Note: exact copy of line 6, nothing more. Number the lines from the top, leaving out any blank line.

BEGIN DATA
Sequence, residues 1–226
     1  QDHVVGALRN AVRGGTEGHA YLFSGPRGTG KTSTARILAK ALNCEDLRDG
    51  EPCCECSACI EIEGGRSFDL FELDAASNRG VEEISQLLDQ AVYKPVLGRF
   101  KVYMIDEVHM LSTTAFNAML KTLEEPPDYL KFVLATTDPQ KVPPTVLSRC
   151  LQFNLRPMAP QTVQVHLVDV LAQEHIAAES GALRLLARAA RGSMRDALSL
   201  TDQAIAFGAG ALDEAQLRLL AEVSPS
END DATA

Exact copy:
   201  TDQAIAFGAG ALDEAQLRLL AEVSPS